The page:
their screen displays more colourful. By far the easiest way to
      do this is to create a text file to display, THEN embed the ANSI
      sequences, without altering the formatting. The file can then be
      called from a batch file by the TYPE command.
      Here is a list of ANSI sequences - note my syntax:

      ESC is the escape character
      [ is the square bracket ([)
      x indicates row number (1 at top)
      y indicates column number (1 at left)
      other letters are typed "as is" and are case significant!

      To position the cursor:
      ESC[y;xH
      positions the cursor according to the values of x and y

      To move cursor up:
      ESC[yA
      moves the cursor up y rows

      To move cursor down:
      ESC[yB
      moves the cursor down y rows

      To move cursor right
      ESC[xC
      moves the cursor right by x columns

      To move cursor left
      ESC[xD
      moves the cursor left by x columns

      To save the current cursor position
      ESC[s
      and to restore to the saved position
      ESC[u
      which returns to 0,0 if no save command has been issued.

      To clear the screen:
      ESC[2J
      has the same effect as the DOS command CLS

      To change display mode:

      general form: ESC[n;n;-----nm
      where n is one of the figures below (several in one sequence)
Batch Files and Memory Management                                  Page 9


      Number                 Effect
      0             Return to steady white on black
      1             Bold (Bright)
      4             Underscore (MDA only)
      5             Flashing
      7             Inverse (black on white)
      8             Invisible (black on black)

      30             Black foreground
      31             Red foreground
      32             Green foreground
      33             Brown foreground
      34             Blue foreground
      35             Magenta foreground
      36             Cyan foreground
      37             White foreground
      40             Black Background
      41             Red Background
      42             Green Background
      43             Brown Background
      44             Blue Background
      45             Magenta Background
      46             Cyan Background
      47             White Background

      Note: Yellow is bright brown!


      Set and reset screen modes

      Set screen mode: ESC[?nh
      Reset screen mode: ESC[?nl

      where n takes the following values:

      0              40x25 mono
      1              40x25 colour
      2              80x25 mono
      3              80x25 colour
      4              320x200 mono (CGA mode 0)
      5              320x200 colour (CGA graphics mode)
      6              640x200 mono (CGA hi-res mono mode)
      7              Enable (set) or disable (reset) wrapping at
                    the ends of lines. If disabled, extra
                    characters are lost.
Batch Files and Memory Management                                         Page 10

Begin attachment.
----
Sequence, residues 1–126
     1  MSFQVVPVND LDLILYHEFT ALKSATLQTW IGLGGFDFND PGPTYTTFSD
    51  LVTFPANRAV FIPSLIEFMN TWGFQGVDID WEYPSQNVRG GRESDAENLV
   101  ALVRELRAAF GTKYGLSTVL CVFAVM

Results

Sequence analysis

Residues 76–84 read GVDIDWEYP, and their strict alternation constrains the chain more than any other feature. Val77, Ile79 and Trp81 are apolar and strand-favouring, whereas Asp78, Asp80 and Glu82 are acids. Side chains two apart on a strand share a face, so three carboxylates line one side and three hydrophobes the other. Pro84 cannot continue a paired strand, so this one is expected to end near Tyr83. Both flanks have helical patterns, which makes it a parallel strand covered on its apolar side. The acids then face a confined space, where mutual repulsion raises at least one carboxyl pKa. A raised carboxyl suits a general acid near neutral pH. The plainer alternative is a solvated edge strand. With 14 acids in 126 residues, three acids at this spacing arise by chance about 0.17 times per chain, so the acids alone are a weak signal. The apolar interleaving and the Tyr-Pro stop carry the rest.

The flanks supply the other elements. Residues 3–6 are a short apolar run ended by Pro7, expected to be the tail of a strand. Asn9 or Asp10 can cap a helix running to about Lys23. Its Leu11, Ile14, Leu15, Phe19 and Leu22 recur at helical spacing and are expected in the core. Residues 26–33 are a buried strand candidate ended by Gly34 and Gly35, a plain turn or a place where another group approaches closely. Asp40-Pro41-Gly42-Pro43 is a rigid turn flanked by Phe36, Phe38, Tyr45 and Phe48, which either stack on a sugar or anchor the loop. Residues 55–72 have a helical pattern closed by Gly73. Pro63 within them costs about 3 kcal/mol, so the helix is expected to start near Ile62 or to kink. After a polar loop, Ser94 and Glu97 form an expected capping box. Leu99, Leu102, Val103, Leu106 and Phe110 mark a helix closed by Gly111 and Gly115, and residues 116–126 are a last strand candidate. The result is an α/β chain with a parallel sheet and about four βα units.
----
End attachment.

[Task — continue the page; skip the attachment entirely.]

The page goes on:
Key assignments

      One of the seldom used backwaters of ANSI is the ability to
      redefine keys. The general form is:

      ESC[a;bp

      where a is the existing character for the key and b the new one,
      as ASCII codes. For example: ESC[65;66p would cause a B to come
      on the screen every time you pressed the A. The lower case a and
      b would not be affected. Another way, if you don't know the ASCII
      codes is to define the keys directly, thus: ESC["A";"B"p

      You can also assign a set of keystrokes to a key. In other words,
      if you issued the command: ESC["A";"Bill"p
      every time you typed the A the word Bill would appear.

      This really comes into its own when used in conjunction with the
      function keys. These are assigned Extended Character Codes (ECCs)
      The table below lists the ECCs

             Key           Code        +Shift        +Ctrl        +Alt

             F1            59          84            94           104
             F2            60          85            95           105
             F3            61          86            96           106
             F4            62          87            97           107
             F5            63          88            98           108
             F6            64          89            99           109
             F7            65          90            100          110
             F8            66          91            101          111
             F9            67          92            102          112
             F10           68          93            103          113

      ANSI recognises ECCs by a 0 in front of the. I.e. 0;68 means F10
      and 0;101 means Control-F8. Thus to assign the word "Macro" to
      the Alt-F3 key, the sequence would be: ESC[0;106;"Macro"p
Batch Files and Memory Management                                         Page 11



      It is difficult, but not impossible, to generate ANSI sequences
      direct from the keyboard. The problem is in the escape code, and